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French President Emmanuel Macron addresses French troops in Africa's Sahel region in Gao, northern Mali, 19 May 2017. REUTERS/Christophe Petit Tesson/Pool(reuters_tickers)
PARIS (Reuters) - The popularity of France's new president is around the same as his immediate predecessors when they took office, an Ifop poll showed on Sunday, in contrast to a survey that found Emmanuel Macron had the lowest confidence ratings in more than 20 years.
Some 62 percent of the people polled said they were satisfied with Macron, just above his socialist predecessor Francois Hollande's 61 percent rating in May 2012 but below conservative Nicolas Sarkozy in 2007 who stood at 65 percent, the Ifop poll for the Journal du Dimanche showed.
By contrast, Jacques Chirac's rating was 51 percent when re-elected in 2002 and 59 percent when he was first elected in 1995.
An Elabe poll on Thursday found only 45 percent of voters trusted centrist Macron's ability to tackle France's problems, and 36 percent trusted his newly appointed prime minister, Edouard Philippe, a conservative.
In Sunday's Ifop poll, Philippe's approval ratings, at 55 percent, were also around the average of previous prime ministers at the beginning of their mandates.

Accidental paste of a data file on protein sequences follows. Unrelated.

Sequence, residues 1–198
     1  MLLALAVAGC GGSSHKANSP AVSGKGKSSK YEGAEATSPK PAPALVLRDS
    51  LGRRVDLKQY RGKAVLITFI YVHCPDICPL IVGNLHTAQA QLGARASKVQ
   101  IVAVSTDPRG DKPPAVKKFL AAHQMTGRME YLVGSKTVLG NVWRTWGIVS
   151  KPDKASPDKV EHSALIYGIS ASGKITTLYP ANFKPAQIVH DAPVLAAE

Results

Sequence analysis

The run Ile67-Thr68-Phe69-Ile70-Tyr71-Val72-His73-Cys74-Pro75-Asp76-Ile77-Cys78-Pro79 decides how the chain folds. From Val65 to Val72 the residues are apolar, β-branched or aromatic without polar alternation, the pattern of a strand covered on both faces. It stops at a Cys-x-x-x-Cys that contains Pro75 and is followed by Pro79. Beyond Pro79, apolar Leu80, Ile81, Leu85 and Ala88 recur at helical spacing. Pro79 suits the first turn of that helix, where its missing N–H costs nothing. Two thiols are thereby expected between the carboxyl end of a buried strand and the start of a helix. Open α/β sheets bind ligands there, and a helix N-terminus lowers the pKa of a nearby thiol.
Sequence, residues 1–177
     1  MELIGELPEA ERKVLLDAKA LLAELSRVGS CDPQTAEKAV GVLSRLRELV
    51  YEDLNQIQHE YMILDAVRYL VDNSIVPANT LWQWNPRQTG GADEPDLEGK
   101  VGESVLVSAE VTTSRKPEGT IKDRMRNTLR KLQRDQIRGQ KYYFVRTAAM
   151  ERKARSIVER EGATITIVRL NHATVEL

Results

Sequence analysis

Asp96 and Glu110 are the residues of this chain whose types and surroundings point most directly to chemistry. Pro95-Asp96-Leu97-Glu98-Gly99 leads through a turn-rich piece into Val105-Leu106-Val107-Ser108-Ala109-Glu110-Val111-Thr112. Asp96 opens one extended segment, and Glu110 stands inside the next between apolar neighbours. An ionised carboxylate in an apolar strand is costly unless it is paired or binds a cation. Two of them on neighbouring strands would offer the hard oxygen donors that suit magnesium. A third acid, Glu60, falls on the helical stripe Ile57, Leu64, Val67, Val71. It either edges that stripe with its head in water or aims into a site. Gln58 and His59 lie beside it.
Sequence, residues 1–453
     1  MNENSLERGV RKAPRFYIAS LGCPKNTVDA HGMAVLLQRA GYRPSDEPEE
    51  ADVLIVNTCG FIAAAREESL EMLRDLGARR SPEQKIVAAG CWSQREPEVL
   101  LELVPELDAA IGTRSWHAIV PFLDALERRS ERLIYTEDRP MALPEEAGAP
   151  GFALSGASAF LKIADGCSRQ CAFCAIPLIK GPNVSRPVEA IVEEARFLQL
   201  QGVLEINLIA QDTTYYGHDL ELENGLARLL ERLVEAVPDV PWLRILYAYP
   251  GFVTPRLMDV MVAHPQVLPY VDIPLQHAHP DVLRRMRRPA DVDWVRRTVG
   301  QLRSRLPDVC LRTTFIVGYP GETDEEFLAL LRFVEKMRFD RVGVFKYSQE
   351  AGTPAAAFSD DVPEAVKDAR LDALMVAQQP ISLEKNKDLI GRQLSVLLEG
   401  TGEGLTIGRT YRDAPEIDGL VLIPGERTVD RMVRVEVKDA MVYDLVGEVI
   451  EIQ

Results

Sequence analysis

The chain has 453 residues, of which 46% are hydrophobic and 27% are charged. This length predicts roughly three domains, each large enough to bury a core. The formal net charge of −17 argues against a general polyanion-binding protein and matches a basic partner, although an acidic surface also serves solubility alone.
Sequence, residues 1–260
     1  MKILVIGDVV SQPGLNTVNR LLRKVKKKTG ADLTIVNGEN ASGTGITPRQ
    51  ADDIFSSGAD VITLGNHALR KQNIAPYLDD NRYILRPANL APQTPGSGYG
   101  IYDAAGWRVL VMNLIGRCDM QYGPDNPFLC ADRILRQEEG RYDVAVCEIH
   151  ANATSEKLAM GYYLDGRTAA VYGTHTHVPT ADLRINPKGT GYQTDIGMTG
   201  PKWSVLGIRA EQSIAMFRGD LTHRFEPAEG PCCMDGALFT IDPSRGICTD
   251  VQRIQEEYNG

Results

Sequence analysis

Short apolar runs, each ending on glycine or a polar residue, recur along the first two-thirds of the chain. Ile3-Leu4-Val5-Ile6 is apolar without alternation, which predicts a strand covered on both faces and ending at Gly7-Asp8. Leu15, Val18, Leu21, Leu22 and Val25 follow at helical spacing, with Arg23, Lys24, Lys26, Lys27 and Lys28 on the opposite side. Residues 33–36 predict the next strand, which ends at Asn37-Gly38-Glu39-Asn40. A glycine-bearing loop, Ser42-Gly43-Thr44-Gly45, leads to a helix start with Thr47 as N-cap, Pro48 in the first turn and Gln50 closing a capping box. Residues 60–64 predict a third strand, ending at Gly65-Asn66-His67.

The Ifop poll of 973 people was conducted on May 19-20.
Macron, who was elected on May 7, designated Philippe, a conservative, to head a government gathering Socialists, Centrists, Republicans and political newcomers, smashing the traditional left-right divide.
Philippe has said he would campaign to help secure a majority for Macron's party Republic on the Move (REM) during next month's parliamentary election and implement his plans, which include corporate tax cuts, labour market reforms, and a 50 billion euro investment plan coupled with public spending savings.
In an interview with the Journal du Dimanche, Philippe repeated that he wanted to go move quickly on the labour reform but said he would first hold talks with unions.
"We cannot wait two years to finish this task. Emmanuel Macron has heard French people's anger. He also knows the urgency to transform the country," he said.
(Reporting by Sybille de La Hamaide; Editing by Alison Williams)